It’s difficult for me to blog. Not because I’m out of words or thoughts——if that would ever happen, I couldn’t begin to imagine my life.
Not even because blogging has changed so much since I was a serious blogger——2004 to 2007; but because learning about nonverbal learning disorder (NLD) has done the opposite of what it should have done. It’s made me fearful and self—conscious.
A few weeks ago I went to a blogging conference in Nashville. I joined The Women of Midlife Boulevard awhile ago and know many of the women through the internet.
Since I began using airline miles I became used to taking two planes to get almost anywhere——even when I lived in New York. “Changing in Atlanta” has become as familiar to me as “changing in Jamaica” was when I was a teenager and the Long Island Railroad hadn’t been electrified.
I have also become used to traveling in adverse weather. But the Thursday I went to Nashville was adverse to the extreme. I was totally nauseous by the time I got to the Nashville airport. The cabdriver who told me had never driven in ice before didn’t help.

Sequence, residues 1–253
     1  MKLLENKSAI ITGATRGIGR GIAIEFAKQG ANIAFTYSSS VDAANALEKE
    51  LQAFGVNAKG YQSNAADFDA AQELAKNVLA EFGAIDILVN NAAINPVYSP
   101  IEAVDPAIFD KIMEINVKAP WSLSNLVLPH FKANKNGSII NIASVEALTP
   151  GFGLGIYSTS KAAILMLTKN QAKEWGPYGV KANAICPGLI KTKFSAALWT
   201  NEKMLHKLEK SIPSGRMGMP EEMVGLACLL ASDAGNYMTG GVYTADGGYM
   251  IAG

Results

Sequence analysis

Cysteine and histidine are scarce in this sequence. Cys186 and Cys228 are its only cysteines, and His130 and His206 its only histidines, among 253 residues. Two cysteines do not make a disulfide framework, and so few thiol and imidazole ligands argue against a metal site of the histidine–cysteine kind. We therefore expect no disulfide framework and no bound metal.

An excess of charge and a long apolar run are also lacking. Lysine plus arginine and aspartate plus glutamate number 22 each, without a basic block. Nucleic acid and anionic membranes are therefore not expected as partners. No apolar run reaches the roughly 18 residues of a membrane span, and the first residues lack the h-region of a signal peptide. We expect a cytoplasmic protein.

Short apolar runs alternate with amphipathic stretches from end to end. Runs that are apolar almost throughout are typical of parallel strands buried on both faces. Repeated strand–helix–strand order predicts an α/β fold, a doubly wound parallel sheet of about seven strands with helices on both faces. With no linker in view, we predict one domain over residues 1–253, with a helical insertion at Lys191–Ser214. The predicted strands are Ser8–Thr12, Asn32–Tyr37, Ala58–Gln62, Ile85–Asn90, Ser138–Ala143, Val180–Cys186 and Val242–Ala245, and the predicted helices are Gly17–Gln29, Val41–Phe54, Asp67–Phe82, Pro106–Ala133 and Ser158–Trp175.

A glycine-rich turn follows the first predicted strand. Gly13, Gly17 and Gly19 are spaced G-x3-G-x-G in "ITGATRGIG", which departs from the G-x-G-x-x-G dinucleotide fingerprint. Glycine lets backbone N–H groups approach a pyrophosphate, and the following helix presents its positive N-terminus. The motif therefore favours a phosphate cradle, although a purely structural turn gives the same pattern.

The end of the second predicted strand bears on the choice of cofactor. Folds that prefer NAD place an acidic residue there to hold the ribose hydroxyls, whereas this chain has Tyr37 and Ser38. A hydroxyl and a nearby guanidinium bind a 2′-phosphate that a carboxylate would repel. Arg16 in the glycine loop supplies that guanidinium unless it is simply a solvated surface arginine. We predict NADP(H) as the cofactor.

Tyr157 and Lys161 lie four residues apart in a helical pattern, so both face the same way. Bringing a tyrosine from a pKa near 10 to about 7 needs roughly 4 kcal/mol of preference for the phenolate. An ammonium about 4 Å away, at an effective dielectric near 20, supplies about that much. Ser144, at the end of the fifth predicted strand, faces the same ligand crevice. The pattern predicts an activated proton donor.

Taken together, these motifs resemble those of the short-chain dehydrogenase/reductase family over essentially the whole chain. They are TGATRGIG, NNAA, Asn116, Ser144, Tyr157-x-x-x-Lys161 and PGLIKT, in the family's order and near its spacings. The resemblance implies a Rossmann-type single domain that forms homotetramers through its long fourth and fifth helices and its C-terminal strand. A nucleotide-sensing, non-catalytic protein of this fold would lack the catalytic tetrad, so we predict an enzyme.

“No don’t turn the wheel in a 360. Go softly and don’t fight the ice. Like you’re caught in a riptide and….”
Right, I who don’t drive was giving advice to a cabdriver in a landlocked state and he came from a landlocked country.
By the time we got to the Opryland resort I was exhausted. It was a long walk to the room——somehow walking with my four wheel suitcase felt heavy.
The next day there was a cocktail party. Before I knew about NLD I would have never wondered: “Am I dressed wrong?”
( I didn’t bring the clothes I had planned to bring but clothes for cold weather not realizing that the dome over the hotel would make it completely temperature controlled. I could move into the resort but not the room.)
I would have followed the directions perfectly but ended up on the wrong floor as I did. The hotel has giant maps all over the place; better than that they have workers who stand around and guide you. But not to the right floor!
I have a mild case of prosopagnosia (face blindness.) It’s never stopped me from doing anything–none of my problems have.
It’s just since I learned about NLD and have gotten older that I have felt like a victim, at times, rather than just another girl on the IRT.
But now that I have learned about NLD and wasn’t able to get help I have spent a lot of time wondering if people think I’m weird.
The next morning seminars–very good ones began early. Am I getting anything from the talk or do I just think I have?